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  • Chief Family Officer’s Favorite Things: Trader Joe’s Cold Brew Coffee Concentrate

    Trader Joe's Cold Brew Coffee Concentrate - Chief Family Officer's Favorite Things

    One of my favorite discoveries this past year has been Trader Joe’s Cold Brew Coffee Concentrate:

    TJ Coffee Concentrate

    This coffee concentrate makes for the easiest iced coffee ever! The directions say to use one part of coffee concentrate to three parts of water or milk. However, I’ve been using about three parts of nonfat milk, a splash of heavy cream and a splash of maple syrup to make my iced coffee. If I’m not out and about to grab a chai tea latte at Starbucks, the iced coffee really hits the spot.

    Each bottle contains 32 ounces and costs $7.99 (at least here in LA – prices may be regional). Once opened, you can refrigerate the bottle for up to 30 days. (I write the date I opened it on the label with a Sharpie.) If you don’t use up the whole bottle, you can freeze what’s left in an ice cube tray. I’ve done this and used the frozen coffee cubes when a recipe called for coffee or when I wanted to keep my coffee cold in an insulated travel mug (these Contigo mugs are my favorite because they don’t leak and keep drinks hot or cold for hours).

    See all of Chief Family Officer’s Favorite Things here.

    This post contains affiliate links that help support this site at no additional cost to you. Thank you for using them! You can read CFO’s full disclosure here.

    This Week’s Healthy Dish: Quinoa Salad with Cucumber, Feta and Shrimp

    Cook a new healthy dish each week in 2015 -

    As I mentioned previously, I’m making one new healthy dish per week this year to help me conquer my fear/reluctance to try new foods and techniques.

    One of those is quinoa. Well, it was, because I made it on Monday and it was great! I’ve actually had quinoa before, but I’ve just never liked it. Maybe it just wasn’t cooked well or something, because I was quite pleased with how it came out. I used one cup of uncooked quinoa, 3/4 cup of low-sodium chicken stock, and 1 cup of water. I combined them in a small saucepan, brought the mixture to a boil, and then left it to simmer for approximately 20 minutes. To be honest, I forgot about it until I smelled a slightly nutty odor and ran into the kitchen in a panic, convinced that I’d just burned the quinoa! But it was perfect – perfectly fluffy, that is.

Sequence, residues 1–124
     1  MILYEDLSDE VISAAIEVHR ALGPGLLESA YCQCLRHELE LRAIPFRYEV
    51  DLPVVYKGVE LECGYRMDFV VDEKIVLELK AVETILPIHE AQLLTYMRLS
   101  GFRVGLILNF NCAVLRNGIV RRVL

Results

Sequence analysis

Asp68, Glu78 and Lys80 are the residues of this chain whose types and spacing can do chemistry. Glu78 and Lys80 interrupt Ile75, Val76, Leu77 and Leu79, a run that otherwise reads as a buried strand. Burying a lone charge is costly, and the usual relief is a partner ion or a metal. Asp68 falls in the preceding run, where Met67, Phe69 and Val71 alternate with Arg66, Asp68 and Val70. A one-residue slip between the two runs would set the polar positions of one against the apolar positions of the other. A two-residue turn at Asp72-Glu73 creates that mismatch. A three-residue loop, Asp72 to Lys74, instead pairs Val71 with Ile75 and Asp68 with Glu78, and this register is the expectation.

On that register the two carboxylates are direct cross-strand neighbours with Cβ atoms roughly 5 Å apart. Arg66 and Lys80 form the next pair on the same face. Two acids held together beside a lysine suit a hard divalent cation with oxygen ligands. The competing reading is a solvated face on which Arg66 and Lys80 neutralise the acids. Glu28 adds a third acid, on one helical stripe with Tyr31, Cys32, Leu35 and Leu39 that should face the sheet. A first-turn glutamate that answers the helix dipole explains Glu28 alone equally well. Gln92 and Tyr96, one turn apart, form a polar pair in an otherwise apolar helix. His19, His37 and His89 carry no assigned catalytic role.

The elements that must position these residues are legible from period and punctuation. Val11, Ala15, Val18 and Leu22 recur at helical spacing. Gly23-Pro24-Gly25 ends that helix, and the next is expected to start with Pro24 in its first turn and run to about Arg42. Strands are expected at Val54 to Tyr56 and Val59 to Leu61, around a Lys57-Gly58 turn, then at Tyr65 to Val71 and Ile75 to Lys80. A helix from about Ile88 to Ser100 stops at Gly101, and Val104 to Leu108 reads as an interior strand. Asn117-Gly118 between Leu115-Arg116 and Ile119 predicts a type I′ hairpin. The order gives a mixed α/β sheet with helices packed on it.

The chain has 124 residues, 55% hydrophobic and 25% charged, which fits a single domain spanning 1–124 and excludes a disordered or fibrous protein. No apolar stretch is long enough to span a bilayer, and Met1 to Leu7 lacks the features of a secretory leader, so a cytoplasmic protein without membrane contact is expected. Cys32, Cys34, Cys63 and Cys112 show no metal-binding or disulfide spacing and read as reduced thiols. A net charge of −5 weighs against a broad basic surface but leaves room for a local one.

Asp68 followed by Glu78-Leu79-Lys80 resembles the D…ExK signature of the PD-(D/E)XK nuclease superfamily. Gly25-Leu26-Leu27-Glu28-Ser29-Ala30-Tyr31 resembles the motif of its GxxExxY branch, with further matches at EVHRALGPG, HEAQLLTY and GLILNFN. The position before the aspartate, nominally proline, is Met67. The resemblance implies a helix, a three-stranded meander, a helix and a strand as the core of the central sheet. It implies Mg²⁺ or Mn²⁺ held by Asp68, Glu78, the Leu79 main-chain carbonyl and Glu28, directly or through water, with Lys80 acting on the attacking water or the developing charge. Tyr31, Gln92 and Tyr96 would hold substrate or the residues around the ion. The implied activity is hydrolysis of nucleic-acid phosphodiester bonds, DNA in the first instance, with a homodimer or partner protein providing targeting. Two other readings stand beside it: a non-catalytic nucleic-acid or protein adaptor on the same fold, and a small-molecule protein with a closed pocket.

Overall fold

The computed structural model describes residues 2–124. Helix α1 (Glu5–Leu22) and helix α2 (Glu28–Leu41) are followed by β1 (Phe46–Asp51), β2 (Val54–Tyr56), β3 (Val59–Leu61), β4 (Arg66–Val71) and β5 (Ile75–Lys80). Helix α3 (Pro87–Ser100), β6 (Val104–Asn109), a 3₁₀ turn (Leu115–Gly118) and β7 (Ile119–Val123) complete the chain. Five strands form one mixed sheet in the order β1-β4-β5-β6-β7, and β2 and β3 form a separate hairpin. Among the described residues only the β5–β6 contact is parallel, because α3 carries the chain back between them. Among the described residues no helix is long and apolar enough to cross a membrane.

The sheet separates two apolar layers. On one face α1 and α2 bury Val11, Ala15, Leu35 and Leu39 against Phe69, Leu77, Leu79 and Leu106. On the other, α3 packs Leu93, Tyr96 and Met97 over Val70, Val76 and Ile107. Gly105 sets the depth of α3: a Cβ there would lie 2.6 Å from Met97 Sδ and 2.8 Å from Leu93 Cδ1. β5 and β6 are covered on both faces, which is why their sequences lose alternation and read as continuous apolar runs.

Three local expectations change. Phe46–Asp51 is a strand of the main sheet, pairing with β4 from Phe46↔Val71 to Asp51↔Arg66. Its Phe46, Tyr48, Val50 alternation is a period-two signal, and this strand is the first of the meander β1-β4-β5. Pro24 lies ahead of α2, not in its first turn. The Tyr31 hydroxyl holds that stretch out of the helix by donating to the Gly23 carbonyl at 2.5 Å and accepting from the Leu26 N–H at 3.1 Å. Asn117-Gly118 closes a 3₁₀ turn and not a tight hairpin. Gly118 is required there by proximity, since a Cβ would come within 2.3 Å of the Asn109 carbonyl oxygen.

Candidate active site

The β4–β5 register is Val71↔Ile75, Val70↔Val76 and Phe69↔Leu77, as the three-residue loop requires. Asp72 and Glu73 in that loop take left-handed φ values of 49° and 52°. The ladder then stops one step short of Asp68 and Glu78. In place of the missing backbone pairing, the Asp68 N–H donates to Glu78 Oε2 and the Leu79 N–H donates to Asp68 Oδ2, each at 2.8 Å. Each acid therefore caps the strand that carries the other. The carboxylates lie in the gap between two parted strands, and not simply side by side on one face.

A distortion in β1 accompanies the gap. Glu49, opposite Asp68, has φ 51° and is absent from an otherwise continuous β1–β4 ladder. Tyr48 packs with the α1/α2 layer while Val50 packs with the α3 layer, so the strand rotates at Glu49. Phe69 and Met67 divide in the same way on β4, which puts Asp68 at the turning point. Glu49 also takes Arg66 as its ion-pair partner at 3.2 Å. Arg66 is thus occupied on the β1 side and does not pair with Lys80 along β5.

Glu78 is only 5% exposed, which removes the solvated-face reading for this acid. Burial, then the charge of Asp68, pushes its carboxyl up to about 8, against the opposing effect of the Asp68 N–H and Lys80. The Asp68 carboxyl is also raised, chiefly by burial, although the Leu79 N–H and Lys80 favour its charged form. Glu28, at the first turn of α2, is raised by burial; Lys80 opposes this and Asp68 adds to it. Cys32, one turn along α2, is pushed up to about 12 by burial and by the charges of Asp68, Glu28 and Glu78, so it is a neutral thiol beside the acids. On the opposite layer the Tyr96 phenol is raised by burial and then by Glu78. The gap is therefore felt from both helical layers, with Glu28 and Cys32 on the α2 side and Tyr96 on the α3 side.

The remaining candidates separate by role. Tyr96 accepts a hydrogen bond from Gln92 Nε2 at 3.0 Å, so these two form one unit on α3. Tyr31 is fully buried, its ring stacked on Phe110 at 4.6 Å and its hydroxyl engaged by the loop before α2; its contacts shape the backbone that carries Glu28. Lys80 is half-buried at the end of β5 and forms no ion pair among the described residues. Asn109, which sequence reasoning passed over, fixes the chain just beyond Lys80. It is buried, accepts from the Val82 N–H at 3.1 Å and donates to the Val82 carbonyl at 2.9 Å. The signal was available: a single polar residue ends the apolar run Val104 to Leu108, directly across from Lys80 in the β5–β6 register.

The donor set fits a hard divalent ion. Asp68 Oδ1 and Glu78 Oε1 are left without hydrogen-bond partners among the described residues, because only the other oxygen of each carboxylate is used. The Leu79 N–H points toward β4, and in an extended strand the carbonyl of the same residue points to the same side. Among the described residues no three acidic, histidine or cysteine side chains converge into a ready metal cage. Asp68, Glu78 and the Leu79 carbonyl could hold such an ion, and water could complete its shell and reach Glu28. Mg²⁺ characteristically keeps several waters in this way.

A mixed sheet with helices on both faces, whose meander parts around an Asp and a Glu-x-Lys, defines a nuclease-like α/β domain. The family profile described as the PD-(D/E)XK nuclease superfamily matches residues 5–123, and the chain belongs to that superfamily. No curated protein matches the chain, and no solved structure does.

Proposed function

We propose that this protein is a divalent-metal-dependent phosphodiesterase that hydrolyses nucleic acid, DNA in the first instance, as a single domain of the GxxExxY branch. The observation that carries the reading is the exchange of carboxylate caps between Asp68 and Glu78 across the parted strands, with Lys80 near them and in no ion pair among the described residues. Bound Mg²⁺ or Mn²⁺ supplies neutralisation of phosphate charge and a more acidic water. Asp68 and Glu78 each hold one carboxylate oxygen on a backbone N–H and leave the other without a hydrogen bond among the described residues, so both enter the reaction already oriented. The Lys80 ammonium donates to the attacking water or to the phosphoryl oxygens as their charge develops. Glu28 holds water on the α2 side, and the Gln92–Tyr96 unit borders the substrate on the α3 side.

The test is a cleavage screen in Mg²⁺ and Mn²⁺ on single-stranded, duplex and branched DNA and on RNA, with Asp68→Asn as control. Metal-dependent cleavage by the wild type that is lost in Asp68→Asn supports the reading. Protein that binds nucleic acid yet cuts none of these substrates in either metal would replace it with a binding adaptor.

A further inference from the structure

I then made this quinoa salad, although I skipped the carrot and added some sauteed shrimp. I sliced the cucumber pretty thin, and the salt from the feta pickled it slightly and gave it a marvelous crunch. I also added some Meyer lemon zest and lemon juice, since I wanted some acid to brighten the flavors.

    Quinoa Salad with Cucumber, Feta and Shrimp -

    I will definitely make this salad again, and am on the hunt for other quinoa recipes to try.

    Image via by KEKO64.

    New Cooking Strategy in 2015: A new, healthy dish each week

    Cook a new healthy dish each week in 2015 -

    I’ve learned a lot about establishing new habits from James Clear, so instead of thinking in terms of goals and resolutions this year, I’m focused on changes and habits, and especially on changing habits.

    One change that I want to make this year is better eating habits – especially eating more produce and reducing my sugar consumption. However, I’ve noticed that I shy away from unfamiliar ingredients, or ingredients I’ve struggled with in the past even though they are supposed to be healthy.

    A good example is quinoa. I’ve never really liked quinoa, whether I’ve had it at a restaurant or made it myself. But a lot of people do like it and it’s healthy, and I’ve got a whole bag that I got for free at Ralphs sitting in my pantry. I’ve also got a bunch of beets from my CSA – I love eating them, but I’ve always been afraid to cook them. And, I just came across a recipe for Oven-Roasted Tofu, which is a way of eating tofu I’d never thought of.